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On sense descriptions, the joys of transport and my ability to injure myself

It surprises me how easily I dismiss other people’s descriptions of how their brain interprets the world. Being that I’m now about to embark on career that, in part, will ask me to describe flavours, I really should know by now that everyone experiences things differently and that interpreting the words that are used in describing sensations is what it’s all about.

I still remember writing up joke beer descriptions on the board when I used to be barman, talking of a beer having a hint of baked apple by an abandoned cooking fire, and laughing at the ridiculousness of Jilly Goolden’s histrionic explanations of the make-up of wines, and am shocked by how foolish my past self now seems to my then future self. These days I can happily wax lyrical about cloth plasters, fresh struck matches and primary school plimsolls in whisky, gravelly minerality and green vegetables in tequila, and metholated cherries in port (all three of which I have done in one-day-to-be-published-booze-blog-posts this weekend) but even a couple of years back I’d have given you a funny look and ticked my mental ‘pretentious idiot’ box without a second thought. Before I started finding out the joys of sciatica I thought my uncle’s description of it as being like ‘having a tooth-ache in your leg’ was a strange way of saying ‘it hurts a bit’ until the first night that I woke up to find that it was an incredibly accurate bit of wording.

This contemplation has been brought about by latest awesome bit of self injury, complete with ridiculous circumstances. My sciatica was brought on by playing Fallout 3 for way to long in a single sitting; I painfully broke a tooth hours before catching a plane to the USA, leading to a week of an unwise liquid diet (beer and bourbon) due to a lack of ability to chew, while eating a very soft fish finger; and I brought my potentially award winning taekwondo career to a shuddering fault after falling over on a set of very wide, very unslippery steps while considering a story from an insane chemistry supply teacher of a colleague who had run down some steps while carrying a bottle of hydrochloric acid under each arm with predictably fatal results. Today’s sensation was the ‘pinging’ of a muscle under strain, as while increasing the weight on my left leg to give a burst of speed I felt that incredible sensation and just had enough time to contemplate on the correctness of the sensation’s description before I stumbled into a lamp post in quite impressive levels of pain.

Unfortunately I can’t quite claim to have been doing anything as interesting as the London marathon, sedentary animal that I am, but instead was bending one of my primary rules of living in London – not to run to ensure that I can catch a means of public transport. In this case it was a bus, which to add insult to injury was not only a mere 5 yards from the starting point of my ‘run’ but also sat at the bus stop for a further 5 minutes after I crippled myself, but my original resolution was made thanks to the tube. One rainy evening while changing platforms at speed to make sure I got my train I missed a step, hit a slippery step and fell face first onto the platform. Luckily my self-preservation instincts kicked in, preventing my beautiful face (9/10 fit according to the iPhone ‘Fit or Fugly’ app, backed by Real Science) from doing anything more than impacting into my delicate wrist as I reached out to stop myself, but my plastic bag of goodies with ejected by the saving hand, skidding across the platform towards the open tube door. A kind punter stepped down for long enough to stop its kamikaze slide with his foot before inquiring if I was alright. I looked up from the wet, gravelly ground, scraped some muck from my cheek and said ‘Yeah’, at which point he nodded, climbed back on the train and waved as the doors closed. I rose from the ground, brushed down my damp front, picked up my bag and limped behind a tree to have a pee.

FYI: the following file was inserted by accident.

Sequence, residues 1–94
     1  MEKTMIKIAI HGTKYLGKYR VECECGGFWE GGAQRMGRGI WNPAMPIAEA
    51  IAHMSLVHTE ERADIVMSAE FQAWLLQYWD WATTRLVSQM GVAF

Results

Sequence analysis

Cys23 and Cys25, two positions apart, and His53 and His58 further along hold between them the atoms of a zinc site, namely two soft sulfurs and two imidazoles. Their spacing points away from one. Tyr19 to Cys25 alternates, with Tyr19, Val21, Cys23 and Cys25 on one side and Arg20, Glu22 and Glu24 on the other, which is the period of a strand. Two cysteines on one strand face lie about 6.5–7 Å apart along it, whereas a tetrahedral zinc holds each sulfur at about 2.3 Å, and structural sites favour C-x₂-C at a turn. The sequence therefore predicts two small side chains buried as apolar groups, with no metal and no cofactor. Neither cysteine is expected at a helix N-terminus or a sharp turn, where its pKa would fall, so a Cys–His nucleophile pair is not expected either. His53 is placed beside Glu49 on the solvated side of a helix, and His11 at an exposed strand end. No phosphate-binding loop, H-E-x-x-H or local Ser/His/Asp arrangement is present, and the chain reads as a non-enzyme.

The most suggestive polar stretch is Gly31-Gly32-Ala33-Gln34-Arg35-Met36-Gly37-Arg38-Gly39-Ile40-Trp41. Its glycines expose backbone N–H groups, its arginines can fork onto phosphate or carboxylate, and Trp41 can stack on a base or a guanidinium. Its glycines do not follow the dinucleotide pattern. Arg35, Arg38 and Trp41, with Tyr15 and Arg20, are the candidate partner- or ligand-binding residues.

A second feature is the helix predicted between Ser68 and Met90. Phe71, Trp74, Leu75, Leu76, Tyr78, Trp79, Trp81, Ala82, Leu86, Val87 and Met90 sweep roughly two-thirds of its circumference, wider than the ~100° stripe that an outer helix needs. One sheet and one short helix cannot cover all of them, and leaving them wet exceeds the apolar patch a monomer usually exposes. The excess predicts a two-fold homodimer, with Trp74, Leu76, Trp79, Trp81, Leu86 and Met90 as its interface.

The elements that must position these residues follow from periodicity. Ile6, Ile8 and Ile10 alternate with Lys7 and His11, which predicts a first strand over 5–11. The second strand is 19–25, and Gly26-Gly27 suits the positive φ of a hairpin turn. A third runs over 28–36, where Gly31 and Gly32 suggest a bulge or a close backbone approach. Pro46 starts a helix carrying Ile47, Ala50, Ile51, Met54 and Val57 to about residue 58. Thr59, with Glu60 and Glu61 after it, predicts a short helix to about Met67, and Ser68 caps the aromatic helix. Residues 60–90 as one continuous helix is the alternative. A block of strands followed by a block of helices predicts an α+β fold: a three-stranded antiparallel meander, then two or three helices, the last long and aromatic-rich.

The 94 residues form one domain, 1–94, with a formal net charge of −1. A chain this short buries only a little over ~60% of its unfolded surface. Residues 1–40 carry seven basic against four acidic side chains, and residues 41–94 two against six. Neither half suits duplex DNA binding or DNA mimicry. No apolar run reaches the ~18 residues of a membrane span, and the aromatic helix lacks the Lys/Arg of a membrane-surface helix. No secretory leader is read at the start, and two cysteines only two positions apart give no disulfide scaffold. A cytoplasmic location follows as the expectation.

Since that day I have vowed never to run for a train (recently reinforced as I saw someone run face first into the recently closed door of the tube, before bouncing off and trying to make it look like it what was they were trying to do all along) and as of today my running ban has extended to buses. I am considering extending that to trams, as the other main form of public conveyance in London, but a) I’ve used a tram precisely three times since they appeared, b) they’re so irregular that the chance of one being at a stop when I get there is so remote that I doubt I’ll see it in my lifetime and c) I like trams enough as a concept that I am happy to watch one pull away just for the joy of seeing a tram’s arse, that I reckon I’ll cross that bridge when I come to it.

So, time to break out my walking stick again for the next week of cross London trekking. It may have the bonus of magically getting me a seat on the tube from time to time, but it also carries an incredible guilt as the only people who seem to give up seats are those that probably need them more than I – mainly the elderly, pregnant women and those with obvious physical injuries that a seat will help to assuage for a short time. I will try and carry myself in such a manner as to suggest that my black stick with a black horses head handle is merely a fashion accessory (and I do have at least one hat that will help me carry this off), but that does carry the danger that my fake pimp limp will merely exacerbate my already existing ‘conditions’ and make me walk with an even more exaggerated fools gait than I am already pulling off.

So there it is. Don’t run for a train. Eat your greens and then remember what they smell like – one day you might need to describe a tequila.

(I’ve been thinking too much today, can you tell?)

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